Forum Post: Fascism in the Church: Ex-Priest on "The Pope's War," Clergy Abuse and Quelling Liberation Theology
Posted 2 months ago on March 1, 2013, 8:09 p.m. EST by LeoYo
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Fascism in the Church: Ex-Priest on "The Pope's War," Clergy Abuse and Quelling Liberation Theology
Friday, 01 March 2013 10:50 By Amy Goodman and Juan Gonzalez, Democracy Now! | Interview and Video
MATTHEW FOX: Yes. Pope John XXIII called the council in the early ’60s, and it brought together all the bishops of the world and all the theologians, many of whom had been under fire under the previous papacy, Pope Pius XII. And it definitely was a reform movement, and it gave inspiration to the poor, especially in South America. And after the council, the movement of liberation theology, which had a principle of preferential option for the poor, this really took off, and it created base communities, which was a new way of doing church where everyone had a voice, not just the person at the altar.
And this non-hierarchical, this far more horizontal and circular approach to Christianity and to worship was a big threat, of course, to certain people in Rome, but it was even a bigger threat to the CIA. When Reagan was elected, two months later there was a meeting of his National Security Council in Santa Fe, New Mexico, to discuss one thing: How can we destroy liberation theology in Latin America? And they concluded: We can’t destroy it, but we can divide the church. And so they went after the pope. They gave him lots and lots of cash for solidarity in Poland. And in exchange, they got the permission, if you will, the commitment on the part of the papacy, to destroy liberation theology.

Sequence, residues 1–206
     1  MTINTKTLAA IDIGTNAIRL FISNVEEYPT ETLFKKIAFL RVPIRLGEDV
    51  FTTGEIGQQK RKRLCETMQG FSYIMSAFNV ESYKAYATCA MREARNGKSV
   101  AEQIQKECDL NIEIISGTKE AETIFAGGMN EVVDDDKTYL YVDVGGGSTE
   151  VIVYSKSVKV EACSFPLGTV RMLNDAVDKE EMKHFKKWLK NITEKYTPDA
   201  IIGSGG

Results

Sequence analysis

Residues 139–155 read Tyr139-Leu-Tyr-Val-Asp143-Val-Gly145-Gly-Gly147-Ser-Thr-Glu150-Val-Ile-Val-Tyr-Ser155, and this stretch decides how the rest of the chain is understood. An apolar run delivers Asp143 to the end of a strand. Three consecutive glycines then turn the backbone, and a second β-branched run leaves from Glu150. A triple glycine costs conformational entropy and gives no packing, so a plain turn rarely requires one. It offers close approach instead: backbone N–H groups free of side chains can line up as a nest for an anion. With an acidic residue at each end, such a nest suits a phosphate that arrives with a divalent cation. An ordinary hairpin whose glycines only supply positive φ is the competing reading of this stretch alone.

And this is very much documented. It’s actually documented by Carl Bernstein, of all people, in a cover story in Time magazine, where he kind of creates a hagiography of Reagan and the pope together creating so much good. But Bernstein, I think, was very naive about what was really going on in terms of the church itself, because the reform of the church, part of the council was to declare freedom of conscience, and it said every Christian has a right to freedom of conscience. But all that was destroyed by Pope John Paul II and Cardinal Ratzinger.
So, the reforms of the Vatican Council were stuffed. And the reason this is a schism, therefore, is that in the Catholic tradition a council trumps a pope. Popes do not trump councils. For the last 42 years, these two papacies have been undoing all the values that the council stood for. And this is what the sisters are now undergoing. Just as they attacked the 105 theologians, now they’re accusing the sisters of, what should I say, not participating in the Inquisition. And God bless these sisters, who—the Nuns on the Bus. And so many of us know them because they have been on the front lines carrying out the values of Vatican II, especially values of justice and peace work and working with the marginalized.